Written by Editors Culture.
On August 28, 1963, Martin Luther King delivered his famous I Have a Dream speech. King delivered this 17-minute speech in front of the Lincoln Memorial in Washington, DC. King’s words continue to inspire people around the world today. However, this does not mean that racism has disappeared from the world. Antoine Weijzen describes this in Racism in America.
The following happened in the 1950s… white journalist Anne Braden had lunch with a colleague. She was called on the phone during that lunch.
Turning to his colleague, he inquired if there was anything unusual. As the African-American waitress wiped the table, Braden replied, “No, killed a Negro.” The maid watched as she froze.
More on: Black Lives Matter… Because Racism in America Is Deeply Ingrained in Society For 400 years, argues Antoine Weijzen in this lucid and oppressive book.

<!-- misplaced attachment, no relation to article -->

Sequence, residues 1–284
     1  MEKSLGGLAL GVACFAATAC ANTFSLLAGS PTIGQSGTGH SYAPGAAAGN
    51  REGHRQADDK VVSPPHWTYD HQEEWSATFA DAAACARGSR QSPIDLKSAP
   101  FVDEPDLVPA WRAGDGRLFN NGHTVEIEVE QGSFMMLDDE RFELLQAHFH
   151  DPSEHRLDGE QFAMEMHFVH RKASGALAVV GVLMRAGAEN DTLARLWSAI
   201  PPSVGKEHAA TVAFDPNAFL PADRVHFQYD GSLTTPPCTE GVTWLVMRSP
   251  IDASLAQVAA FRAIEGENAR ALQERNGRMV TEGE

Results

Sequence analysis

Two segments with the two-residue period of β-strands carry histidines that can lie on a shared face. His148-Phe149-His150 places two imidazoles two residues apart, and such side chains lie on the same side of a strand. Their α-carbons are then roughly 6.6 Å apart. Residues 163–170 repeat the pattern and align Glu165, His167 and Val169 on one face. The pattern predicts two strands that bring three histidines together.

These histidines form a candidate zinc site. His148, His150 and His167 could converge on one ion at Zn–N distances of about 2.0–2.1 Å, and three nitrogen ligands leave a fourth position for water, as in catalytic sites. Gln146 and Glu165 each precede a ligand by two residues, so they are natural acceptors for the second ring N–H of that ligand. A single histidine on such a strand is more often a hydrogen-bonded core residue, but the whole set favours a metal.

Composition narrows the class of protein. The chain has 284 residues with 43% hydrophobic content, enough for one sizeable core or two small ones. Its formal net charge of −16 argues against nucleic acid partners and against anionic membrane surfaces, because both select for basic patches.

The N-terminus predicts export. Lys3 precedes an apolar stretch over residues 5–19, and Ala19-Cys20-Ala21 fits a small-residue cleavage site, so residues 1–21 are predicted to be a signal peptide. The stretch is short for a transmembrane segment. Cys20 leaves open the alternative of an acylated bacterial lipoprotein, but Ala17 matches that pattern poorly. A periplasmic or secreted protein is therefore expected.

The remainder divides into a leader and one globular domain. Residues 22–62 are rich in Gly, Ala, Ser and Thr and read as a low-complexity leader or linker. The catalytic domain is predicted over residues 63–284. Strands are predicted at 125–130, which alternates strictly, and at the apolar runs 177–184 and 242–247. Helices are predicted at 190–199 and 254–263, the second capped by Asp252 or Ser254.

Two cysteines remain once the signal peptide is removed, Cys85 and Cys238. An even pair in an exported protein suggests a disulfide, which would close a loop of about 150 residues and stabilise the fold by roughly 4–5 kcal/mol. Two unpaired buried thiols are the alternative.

Weijzen chronicles the history of racism from America’s origins to the present day.
In particular, she does justice to the role African-American women played in the liberation struggle and how that role has been systematically underrepresented in historiography.
Weijzen does not shy away from a critical view of our own society.
Book: Racism in America
Author: Antoine Weijzen
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